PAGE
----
When someone is put in charge, they are expected to find new business, increase revenue and produce higher profits. Many leaders fall into the trap of thinking that by managing the results they are concurrently coaching their people. Thus, they assume a command and control approach that emphasizes the inspecting and auditing aspects of management without the guidance of true coaching.

When it comes to coaching fellow professionals, creating better performers is dependent on the proper approach and attitude. Coaching is particularly hard for rising (now risen) stars that must now rely on the efforts of others instead of the yoke they used to proudly wear on their own backs.

Leaders who think they are coaching, but are really only managing, fall into one of six false coach personas. We will detail each one in this series and how may they affect the team. Do any of them sound like someone you know? Maybe really well?

False Coach #1: The Preacher

This leader gets up in front of the group and proclaims its direction. They state the results expected and communicates that they have the full confidence of everyone in the room that they will carry their own weight. They expect that the power of their words will inspire effort. The shared end goal is the motivation for success.

It is hard to assign fault to this person. They are passionate and driven. They want to convert the sinners and shepherd the flock. They want the very best outcomes for their congregation.

However, your team is not your congregation. They do not want to be converted. They have their own passions. They are people with different motivations, dreams and aspirations. It is not your job to rally them behind your belief system. It is your job to coach them and make them better than they are today at what they do.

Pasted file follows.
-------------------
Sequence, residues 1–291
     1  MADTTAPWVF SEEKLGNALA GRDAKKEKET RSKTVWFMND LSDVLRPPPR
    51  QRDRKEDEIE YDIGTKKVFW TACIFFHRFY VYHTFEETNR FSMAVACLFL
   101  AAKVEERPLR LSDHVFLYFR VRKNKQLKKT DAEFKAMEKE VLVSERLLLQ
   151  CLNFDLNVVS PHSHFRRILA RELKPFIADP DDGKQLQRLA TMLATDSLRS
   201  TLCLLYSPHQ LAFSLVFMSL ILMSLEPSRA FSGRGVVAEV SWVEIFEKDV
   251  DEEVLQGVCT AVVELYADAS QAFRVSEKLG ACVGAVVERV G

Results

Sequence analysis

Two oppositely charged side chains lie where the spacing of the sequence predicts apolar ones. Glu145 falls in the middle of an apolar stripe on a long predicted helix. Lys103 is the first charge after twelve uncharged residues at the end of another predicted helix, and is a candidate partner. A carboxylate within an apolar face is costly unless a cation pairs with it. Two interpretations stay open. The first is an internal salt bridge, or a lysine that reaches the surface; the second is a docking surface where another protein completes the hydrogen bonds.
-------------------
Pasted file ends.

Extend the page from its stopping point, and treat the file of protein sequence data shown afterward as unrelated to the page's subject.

Preachers tend to blow into a room with a lot of fanfare and theatrics and then disappear back to their offices. The enthusiasm they generate is brief. While their message is essential to develop the culture and belief system of the organization, it does not sustain performance or fine tune fundamentals. The biggest mistake a preacher can make is to trust that once a direction is given that everyone will know what the next step is and how to do it. And the next. And the next. And the next…

Coaching is a very personal activity. A leader must learn about what motivates each individual, determine how it aligns with the organization and help them develop specific behaviors and skills that will make them, and the organization, successful. It is not the coach’s job to spout fire and brimstone. It is their job to discover each team member’s personal fire.

Have a coaching problem? DO SOMETHING ABOUT IT.